Does a DUI Ruin Your Life? How Getting Caught Driving Drunk Can Affect You
One night of drinking and driving can change your life forever. Getting behind the wheel after consuming too much alcohol could result in DUI charges. Drunk driving compromises your and others’ safety, and a DUI conviction can have long-lasting negative impacts. Here’s how a DUI could ruin your life.
What is a DUI, and is it different from a DWI?
Some states refer to driving while intoxicated (or impaired) as a DWI, while others list driving under the influence as a DUI. Basically, DWI and DUI are the same, though some states reserve “DWI” for impairment from prescription or recreational drugs.
As with anything else in the legal system, being accused of DUI or DWI isn’t a presumption of guilt in a court of law. However, that could be the case in the court of public opinion.
Does a DUI ruin your life?
Driving under the influence of alcohol is the most common criminal offense in the United States, BACtrack reports. Your first DUI might not affect your life nearly as much as receiving several DUIs. Like any other offense, repeat offenders typically get longer jail sentences and higher fines. They could also be required to install and use a breathalyzer device in their vehicles to start their cars.
In addition to the immediate, known troubles with multiple DUI convictions, these offenses could include long-term consequences, including:
- Driver’s license revocation
- Negative background checks for employment, loans, and housing leases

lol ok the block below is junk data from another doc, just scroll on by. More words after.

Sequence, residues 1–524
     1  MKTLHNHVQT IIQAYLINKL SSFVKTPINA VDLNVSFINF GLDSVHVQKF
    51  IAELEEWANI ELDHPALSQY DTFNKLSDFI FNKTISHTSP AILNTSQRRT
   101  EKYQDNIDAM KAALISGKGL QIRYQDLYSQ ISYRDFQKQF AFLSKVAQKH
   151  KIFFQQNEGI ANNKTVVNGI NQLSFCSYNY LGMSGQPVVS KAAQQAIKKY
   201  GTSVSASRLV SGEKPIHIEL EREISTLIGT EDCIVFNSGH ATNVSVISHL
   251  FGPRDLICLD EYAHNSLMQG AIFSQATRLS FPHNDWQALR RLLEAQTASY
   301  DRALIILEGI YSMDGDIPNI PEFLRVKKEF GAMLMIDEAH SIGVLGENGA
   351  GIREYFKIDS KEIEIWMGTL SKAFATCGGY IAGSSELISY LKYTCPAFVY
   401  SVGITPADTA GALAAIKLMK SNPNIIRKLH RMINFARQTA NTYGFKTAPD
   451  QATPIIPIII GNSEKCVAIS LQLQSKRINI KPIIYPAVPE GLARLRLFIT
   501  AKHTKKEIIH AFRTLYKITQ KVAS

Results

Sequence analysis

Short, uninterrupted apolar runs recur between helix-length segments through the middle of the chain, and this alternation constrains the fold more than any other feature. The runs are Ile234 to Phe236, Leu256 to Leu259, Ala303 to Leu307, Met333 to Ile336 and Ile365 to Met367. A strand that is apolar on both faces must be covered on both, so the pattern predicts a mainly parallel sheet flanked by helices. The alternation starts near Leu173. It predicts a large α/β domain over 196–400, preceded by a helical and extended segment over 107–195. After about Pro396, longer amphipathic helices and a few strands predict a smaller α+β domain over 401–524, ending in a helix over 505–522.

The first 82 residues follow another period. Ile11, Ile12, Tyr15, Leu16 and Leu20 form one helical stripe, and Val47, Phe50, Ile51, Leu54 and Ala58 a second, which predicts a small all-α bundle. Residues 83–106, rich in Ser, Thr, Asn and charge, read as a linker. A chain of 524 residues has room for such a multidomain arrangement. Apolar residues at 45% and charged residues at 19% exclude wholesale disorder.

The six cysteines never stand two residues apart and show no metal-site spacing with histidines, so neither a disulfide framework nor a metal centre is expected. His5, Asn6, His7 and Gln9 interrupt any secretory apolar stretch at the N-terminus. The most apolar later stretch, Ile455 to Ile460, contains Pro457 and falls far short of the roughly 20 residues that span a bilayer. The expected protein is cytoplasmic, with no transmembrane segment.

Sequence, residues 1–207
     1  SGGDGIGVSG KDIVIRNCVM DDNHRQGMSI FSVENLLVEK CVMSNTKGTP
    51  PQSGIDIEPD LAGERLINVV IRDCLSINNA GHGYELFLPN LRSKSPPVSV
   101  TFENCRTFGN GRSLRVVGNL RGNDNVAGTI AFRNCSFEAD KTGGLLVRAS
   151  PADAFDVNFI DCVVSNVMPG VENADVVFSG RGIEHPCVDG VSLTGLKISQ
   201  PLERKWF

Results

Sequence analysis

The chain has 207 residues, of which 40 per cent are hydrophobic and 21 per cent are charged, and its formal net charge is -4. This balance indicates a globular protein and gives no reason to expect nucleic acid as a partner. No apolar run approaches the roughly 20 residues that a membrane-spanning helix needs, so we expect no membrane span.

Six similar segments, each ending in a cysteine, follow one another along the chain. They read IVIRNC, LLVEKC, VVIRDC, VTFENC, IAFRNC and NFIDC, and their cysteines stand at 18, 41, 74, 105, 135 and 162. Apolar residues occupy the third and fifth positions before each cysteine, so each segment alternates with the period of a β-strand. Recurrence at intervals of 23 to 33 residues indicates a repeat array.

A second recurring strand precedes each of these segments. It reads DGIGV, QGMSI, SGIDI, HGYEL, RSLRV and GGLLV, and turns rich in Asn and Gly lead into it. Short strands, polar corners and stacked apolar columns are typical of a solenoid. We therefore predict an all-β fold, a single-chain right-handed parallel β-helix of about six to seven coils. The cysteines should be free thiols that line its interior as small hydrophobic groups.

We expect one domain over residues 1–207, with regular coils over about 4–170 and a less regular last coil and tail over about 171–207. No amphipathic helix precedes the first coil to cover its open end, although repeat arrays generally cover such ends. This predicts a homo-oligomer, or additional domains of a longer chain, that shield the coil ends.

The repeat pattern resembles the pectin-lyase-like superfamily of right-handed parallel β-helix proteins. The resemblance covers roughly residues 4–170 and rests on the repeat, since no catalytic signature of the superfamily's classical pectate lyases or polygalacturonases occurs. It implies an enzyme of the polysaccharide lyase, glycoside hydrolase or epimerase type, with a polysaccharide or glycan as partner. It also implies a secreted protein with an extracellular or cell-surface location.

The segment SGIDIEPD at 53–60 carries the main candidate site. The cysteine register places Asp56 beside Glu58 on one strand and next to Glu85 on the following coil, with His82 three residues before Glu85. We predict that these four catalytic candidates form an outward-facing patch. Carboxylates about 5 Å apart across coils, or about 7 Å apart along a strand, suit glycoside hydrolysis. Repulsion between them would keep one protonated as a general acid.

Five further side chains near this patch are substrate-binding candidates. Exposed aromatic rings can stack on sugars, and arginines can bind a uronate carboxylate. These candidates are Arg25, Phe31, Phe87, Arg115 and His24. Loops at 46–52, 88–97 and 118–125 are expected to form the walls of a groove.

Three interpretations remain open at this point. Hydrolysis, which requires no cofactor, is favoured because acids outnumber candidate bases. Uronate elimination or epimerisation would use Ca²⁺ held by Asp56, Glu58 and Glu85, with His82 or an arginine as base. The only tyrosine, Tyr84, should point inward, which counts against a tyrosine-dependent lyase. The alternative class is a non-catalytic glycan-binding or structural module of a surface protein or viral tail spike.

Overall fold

- Loss of or limited employment opportunities
- Increased auto insurance rates
- Denial of scholarships
In addition to those consequences for convictions, a DUI arrest can impact your professional relationships with co-workers who perceive you negatively. Also, many people have shared feelings of shame and embarrassment with their family and friends following a DUI arrest.
How else does a DUI affect your life?
From a legal perspective, a DUI conviction can be accompanied by fines, jail time, and community service. The amount of jail time and fines largely depends on the number of DUIs a person is convicted of committing.
Usually, the first DUI is classified as a misdemeanor, with a much shorter punishment than when multiple DUIs add up to felony convictions. When aggravating circumstances are involved, DUIs can be classified as a felony. Often, this is the case when the impaired driver has killed or injured someone because of being under the influence of alcohol.
In addition, a DUI could be accompanied by a civil lawsuit when car accident victims have been injured, killed, or suffered vehicle damage. This is a lawsuit filed in addition to the criminal suit.
What other forms of punishment can result from driving drunk?
Motorists convicted of DUIs could lose their driver’s license for specified periods set by each state. In some cases, these convictions also require drivers to take regular blood, breath, or urine tests. Some states also issue an ignition interlock device (IID) attached to the offender’s car, which allows the vehicle to start only after the driver breathes into the device and their breath is determined to be free of alcohol.
Some repeat offenders must also attend and complete substance abuse education and prevention programs. Additional penalties can come in the form of community service, which takes time away from work for many people.
How long does a DUI stay on your record?
Depending on the state, a DUI can stay on your record forever. Some states don’t have a procedure for the removal of a DUI. In many cases, drivers convicted of DUI will pay higher insurance rates for 10 years, making that one instance of poor judgment extremely costly.
How can you avoid a DUI?
The best way to avoid a DUI is to take precautions to ensure you don’t get behind the wheel while inebriated. Use a designated driver service, arrange for a friend or family member to pick you up, or hire an Uber or Lyft to take you home. Considering the potentially life-altering consequences, leaving your car at the bar is better than risking a DUI or accident.